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Authors: Doshay, Harris Winter
Advisors: Truex, Rory
Contributors: Politics Department
Keywords: Authoritarianism
Church and State
Religion and Politics
Subjects: Political science
Issue Date: 2021
Publisher: Princeton, NJ : Princeton University
Abstract: This dissertation explores Chinese religious boundaries, how believers perceive them, how they are circumvented, and how they affect solidarity. Drawing on a year of ethnographic fieldwork in Three-Self Patriotic Movement (TSPM) Churches, I study the day-to-day religious activities of TSPM members, investigating three related questions. First, I examine how political considerations affect the choice to join a church. My findings with Protestants show that, since new believers know little about internal church politics, political considerations are rare, and only come into play for a small subset of believers with some Party involvement. Second, I investigate how TSPM elites circumvent dictates and carve out an independent space in order to remain attractive to congregants. Utilizing data collected during services on the number of sleeping attendees, I demonstrate that political, areligious sermons are penalized by napping members. In order to remain popular, religious elites quietly buck control, sermonizing on forbidden topics like proselytizing or finding ways to engage in unsanctioned religious education. In the final empirical chapter, I examine the effect of the TSPM on the ability of Christians to come together in solidarity when facing repression. While the prior chapters show how members perceive the TSPM as apolitical and seek to subvert political control, this chapter shows how the TSPM still manages to achieve the state’s goal to control religious movements. Utilizing interviews, I show that the increased legibility entailed by registered with the TSPM causes believers to fragment in the face of repression rather than come together in solidarity. Overall, this dissertation enhances the field’s understanding of co-opting institutions and the constant re-negotiations they engage in with the state.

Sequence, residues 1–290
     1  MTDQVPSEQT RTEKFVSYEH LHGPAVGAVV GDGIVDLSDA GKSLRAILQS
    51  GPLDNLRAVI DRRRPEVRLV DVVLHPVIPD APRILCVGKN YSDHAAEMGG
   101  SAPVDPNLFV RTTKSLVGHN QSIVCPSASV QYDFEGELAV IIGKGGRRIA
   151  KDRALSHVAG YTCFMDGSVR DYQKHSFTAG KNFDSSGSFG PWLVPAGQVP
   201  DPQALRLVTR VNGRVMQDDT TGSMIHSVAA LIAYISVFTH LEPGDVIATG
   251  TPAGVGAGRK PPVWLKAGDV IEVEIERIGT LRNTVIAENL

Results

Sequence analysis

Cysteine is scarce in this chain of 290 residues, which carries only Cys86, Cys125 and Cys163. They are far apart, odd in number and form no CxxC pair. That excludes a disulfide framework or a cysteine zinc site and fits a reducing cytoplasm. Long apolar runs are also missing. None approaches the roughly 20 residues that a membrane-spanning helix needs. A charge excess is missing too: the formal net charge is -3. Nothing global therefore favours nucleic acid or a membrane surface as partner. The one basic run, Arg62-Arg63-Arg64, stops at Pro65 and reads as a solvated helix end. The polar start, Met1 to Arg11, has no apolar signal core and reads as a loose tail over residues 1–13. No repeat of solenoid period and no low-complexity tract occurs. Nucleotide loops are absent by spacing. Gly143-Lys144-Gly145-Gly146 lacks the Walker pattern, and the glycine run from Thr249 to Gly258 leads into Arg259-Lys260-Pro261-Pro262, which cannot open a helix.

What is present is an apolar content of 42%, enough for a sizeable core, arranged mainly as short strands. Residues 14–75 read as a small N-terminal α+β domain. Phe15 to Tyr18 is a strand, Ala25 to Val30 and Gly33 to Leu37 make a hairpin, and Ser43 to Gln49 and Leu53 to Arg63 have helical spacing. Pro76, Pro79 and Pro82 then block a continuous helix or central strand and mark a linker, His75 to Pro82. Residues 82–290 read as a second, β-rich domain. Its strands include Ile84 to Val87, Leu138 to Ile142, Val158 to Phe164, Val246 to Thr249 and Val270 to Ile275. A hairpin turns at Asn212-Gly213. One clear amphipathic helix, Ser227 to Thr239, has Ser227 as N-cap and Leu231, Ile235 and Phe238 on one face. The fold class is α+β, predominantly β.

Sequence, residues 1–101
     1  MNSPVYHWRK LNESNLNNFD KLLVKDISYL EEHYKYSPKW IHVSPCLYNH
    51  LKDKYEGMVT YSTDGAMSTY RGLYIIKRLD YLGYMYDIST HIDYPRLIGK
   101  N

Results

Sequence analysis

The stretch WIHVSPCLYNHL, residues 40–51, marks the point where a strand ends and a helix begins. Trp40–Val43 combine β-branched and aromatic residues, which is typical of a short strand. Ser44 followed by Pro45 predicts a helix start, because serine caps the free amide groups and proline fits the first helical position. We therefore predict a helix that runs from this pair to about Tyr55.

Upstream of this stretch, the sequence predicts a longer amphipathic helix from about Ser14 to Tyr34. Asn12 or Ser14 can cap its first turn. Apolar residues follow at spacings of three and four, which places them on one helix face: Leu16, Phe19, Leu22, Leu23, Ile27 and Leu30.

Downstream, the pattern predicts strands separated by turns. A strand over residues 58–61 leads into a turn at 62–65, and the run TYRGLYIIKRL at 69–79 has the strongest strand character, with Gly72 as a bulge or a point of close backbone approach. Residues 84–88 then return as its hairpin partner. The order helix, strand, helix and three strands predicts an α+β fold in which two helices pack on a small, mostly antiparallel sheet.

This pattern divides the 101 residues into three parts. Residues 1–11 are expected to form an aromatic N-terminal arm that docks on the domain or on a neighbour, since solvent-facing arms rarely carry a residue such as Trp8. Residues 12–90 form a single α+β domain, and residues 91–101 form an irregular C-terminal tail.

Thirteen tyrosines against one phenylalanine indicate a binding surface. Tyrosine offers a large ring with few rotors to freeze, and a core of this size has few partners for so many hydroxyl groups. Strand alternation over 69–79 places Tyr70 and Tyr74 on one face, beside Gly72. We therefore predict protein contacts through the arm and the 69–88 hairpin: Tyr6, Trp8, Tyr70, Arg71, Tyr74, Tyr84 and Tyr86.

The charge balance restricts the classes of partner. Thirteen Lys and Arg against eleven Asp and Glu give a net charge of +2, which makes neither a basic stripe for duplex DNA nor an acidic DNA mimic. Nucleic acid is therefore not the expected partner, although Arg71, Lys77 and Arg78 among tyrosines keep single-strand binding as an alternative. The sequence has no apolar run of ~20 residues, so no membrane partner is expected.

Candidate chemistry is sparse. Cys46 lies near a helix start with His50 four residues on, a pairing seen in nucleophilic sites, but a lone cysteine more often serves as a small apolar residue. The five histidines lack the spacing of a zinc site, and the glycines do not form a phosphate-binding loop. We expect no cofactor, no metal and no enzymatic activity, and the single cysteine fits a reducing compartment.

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Type of Material: Academic dissertations (Ph.D.)
Language: en
Appears in Collections:Politics

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